Scott Wise’s review published on Letterboxd :
It’s easy to see why American Hustle is a critical darling of the moment. It’s got a stacked cast (too many 5-star actors to even advertise), loads of aesthetic styling, and a powerhouse writer/director at the helm. It seems obvious that this would be an Oscar contender. But that’s also the film’s biggest weakness: it’s so incredibly obvious that you can tangibly see the effort that’s being put into it. The fourth wall is still up, but the floor is transparent and we can see the machinery that drives this thing.
David O. Russell again demonstrates his exceptional ability at crafting a consistent style, and isn’t afraid to play with framing and camera movements, or to even make some unconventional choices in lighting and sequencing. He’s not afraid to allow characters to explode or deconstruct themselves, nor does he feel that character motivations need be explicit or, indeed, even present. This allows a unique style of performance - one that perhaps now can be considered uniquely “Russellian” - as much as it affords an original visual aesthetic. But these choices, it should be pretty clear to anyone with a brain, don’t all work. In fact, a lot of them fail.
On the technical side, it’s hard not to notice the camera drift and the choices made in moving the viewpoint throughout a shot. One one hand, this adds to the tone of the period, where framing in the 70s was a bit more fluid, when zooms and pans were a little more free. Here though, more often than should be noticeable, many of these camera movements feel like little more than ill-considered planning or the type of settling that happens at the end of a long shoot day. But the tone of the film - the texture and the visual quality, the wardrobes and sets - capture a microcosm of 70s New Jersey that feels authentic, even when much of what happens within it does not.
The performances are interesting, and often incredible. But unlike the style and tone of the film, they are far from consistent. There’s no single performer that feels thoroughly convincing, and only rarely are we let into the logic behind a character’s decisions. Why is Rosalyn so eager to meddle? Why do characters erupt when they do? Christian Bale and Amy Adams are perhaps the most consistent and strong performers, but the standout of the film to me was actually Jeremy Renner (who I haven’t liked in anything since The Hurt Locker) who plays his caricature perfectly, while Louis CK also delivers a brilliant sketch of an FBI middle-manager who gets continually and completely walked over. Bradley Cooper’s performance seems lacking in the moments he really needs to be compelling, and Jennifer Lawrence is (as usual) exceptional... except for the fact that she seems to have been acting for a completely different film, one that is much more of a comedy. It’s obvious that Russell cares more about character interactions and relationships than he does about plot arcs and layered thematic threads.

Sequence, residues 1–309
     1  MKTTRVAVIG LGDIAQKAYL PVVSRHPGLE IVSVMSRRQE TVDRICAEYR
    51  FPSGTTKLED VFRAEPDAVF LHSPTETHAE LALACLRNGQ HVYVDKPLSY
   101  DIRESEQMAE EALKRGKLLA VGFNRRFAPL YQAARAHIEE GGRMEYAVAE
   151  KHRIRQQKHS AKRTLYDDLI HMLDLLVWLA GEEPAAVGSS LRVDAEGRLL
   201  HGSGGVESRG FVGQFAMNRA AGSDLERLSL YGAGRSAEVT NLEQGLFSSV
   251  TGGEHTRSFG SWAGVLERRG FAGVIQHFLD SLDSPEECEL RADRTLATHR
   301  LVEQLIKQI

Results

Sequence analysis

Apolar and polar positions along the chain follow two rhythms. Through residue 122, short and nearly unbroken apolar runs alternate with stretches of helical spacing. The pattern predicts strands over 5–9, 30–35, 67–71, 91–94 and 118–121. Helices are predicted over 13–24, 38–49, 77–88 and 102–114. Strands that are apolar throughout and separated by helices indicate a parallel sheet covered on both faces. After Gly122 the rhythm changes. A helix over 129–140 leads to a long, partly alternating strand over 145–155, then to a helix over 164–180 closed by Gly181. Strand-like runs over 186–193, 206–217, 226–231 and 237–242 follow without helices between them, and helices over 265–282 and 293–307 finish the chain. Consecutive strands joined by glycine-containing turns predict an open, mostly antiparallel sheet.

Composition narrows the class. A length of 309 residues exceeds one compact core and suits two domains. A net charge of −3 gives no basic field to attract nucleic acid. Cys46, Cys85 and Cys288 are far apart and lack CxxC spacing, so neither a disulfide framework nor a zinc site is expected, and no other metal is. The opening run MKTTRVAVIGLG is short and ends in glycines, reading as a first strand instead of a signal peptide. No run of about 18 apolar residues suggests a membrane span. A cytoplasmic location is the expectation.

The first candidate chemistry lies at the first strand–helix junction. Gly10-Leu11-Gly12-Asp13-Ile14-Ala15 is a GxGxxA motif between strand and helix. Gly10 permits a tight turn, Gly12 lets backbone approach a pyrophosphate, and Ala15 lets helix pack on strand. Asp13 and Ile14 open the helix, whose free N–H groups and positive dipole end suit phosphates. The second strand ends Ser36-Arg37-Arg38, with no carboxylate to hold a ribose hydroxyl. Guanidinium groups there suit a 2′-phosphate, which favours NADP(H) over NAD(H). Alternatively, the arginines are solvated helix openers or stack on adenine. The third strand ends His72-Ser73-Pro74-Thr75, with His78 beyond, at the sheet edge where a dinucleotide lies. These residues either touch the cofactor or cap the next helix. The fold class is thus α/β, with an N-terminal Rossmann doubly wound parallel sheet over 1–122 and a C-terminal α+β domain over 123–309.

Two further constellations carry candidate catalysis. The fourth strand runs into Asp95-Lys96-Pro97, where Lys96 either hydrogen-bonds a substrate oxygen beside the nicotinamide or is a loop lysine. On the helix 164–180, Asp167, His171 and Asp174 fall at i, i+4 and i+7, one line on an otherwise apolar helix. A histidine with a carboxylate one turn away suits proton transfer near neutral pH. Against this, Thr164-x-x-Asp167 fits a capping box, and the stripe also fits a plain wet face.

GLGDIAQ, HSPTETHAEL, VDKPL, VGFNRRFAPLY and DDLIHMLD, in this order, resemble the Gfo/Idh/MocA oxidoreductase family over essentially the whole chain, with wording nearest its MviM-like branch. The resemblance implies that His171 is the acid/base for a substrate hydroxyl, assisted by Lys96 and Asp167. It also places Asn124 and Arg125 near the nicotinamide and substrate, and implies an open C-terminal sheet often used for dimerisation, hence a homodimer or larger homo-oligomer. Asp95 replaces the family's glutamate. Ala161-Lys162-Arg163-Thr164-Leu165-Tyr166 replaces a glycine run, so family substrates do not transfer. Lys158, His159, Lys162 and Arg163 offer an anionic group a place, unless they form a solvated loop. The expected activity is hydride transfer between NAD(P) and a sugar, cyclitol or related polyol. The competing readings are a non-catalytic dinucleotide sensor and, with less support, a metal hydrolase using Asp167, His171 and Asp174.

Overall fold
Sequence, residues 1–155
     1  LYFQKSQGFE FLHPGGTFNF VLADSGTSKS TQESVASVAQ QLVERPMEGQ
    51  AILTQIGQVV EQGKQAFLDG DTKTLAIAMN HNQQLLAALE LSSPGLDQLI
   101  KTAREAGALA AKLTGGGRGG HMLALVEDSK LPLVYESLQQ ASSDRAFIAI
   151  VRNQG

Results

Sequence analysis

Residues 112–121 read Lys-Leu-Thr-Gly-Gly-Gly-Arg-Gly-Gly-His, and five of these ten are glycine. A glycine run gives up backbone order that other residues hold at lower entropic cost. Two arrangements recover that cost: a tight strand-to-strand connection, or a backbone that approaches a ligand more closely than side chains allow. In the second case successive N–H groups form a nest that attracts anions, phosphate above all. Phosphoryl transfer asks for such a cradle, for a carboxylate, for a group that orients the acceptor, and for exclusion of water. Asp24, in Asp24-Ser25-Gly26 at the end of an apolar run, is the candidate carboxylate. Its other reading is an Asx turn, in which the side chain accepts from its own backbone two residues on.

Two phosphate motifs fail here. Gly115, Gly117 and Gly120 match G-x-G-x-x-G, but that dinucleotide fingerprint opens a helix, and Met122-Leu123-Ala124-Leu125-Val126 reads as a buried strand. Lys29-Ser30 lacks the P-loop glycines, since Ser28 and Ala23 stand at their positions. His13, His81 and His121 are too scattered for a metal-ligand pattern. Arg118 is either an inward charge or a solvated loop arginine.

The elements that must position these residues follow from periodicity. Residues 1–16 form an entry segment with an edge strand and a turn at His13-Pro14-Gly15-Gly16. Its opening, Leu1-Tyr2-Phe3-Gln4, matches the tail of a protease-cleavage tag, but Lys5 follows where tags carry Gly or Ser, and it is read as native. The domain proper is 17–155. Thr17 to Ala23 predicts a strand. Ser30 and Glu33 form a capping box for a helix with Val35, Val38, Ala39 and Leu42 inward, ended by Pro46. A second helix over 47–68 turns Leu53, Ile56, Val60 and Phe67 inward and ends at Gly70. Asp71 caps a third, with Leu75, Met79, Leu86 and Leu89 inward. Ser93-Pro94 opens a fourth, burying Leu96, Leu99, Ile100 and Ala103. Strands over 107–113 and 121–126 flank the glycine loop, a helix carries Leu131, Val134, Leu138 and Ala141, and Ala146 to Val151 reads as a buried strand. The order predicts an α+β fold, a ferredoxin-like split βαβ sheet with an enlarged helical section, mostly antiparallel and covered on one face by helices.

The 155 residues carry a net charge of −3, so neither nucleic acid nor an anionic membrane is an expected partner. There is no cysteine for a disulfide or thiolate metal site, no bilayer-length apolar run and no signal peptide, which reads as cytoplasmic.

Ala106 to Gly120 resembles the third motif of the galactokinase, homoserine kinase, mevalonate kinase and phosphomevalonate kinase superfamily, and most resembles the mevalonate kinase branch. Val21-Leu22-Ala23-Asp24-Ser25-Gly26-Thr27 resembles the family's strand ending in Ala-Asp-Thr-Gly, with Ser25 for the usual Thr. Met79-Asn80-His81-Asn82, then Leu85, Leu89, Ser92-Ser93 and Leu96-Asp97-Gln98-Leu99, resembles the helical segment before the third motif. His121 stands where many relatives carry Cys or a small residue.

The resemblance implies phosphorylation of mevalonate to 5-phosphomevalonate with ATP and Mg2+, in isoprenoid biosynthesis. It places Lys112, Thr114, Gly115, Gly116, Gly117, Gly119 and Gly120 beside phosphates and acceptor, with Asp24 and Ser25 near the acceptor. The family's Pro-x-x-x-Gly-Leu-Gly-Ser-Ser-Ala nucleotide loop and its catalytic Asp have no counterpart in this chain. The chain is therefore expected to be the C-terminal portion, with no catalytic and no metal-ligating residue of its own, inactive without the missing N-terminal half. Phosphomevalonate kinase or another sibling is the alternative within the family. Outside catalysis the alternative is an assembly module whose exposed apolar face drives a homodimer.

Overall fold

There are themes - like the introduction of the demographics of Camden or Louis CK’s ice-fishing story - that feel like important touchstones or metaphors that will tie in nicely with the main thrust of the story, and then are completely forgotten about. They aren’t in there to augment the narrative of the film, they’re there to make characters more interesting. If you look at the story being told without factoring in the relationships involved, it’s fairly rudimentary, and much of the uncertainty about where the plot is going is not a construct of compelling twists and turns - it’s actually due to the fact that the characters do a pretty terrible job of presenting their goals and motivations with any real clarity. The plot is muddy not because it’s complicated, but because Russell doesn’t write dialogue that makes it clear what is happening. Instead, we have to wait and watch, and then we can say, “Oh. That’s what this is about.” Hell, there’s only one twist in the plot, and you could see it coming from a mile ahead if only the character motivations could be understood at any point along the way.
In short, I don’t think this is the type of story David O. Russell knows how to tell. But it’s still a ride that worth’s hopping onto, and the laughs and aesthetic are absolutely worth the price of admission. The film opens with the title slate, “Some of this actually happened.” I’ll submit that a critical review like this could be summated with the line, “Some of this actually works pretty well."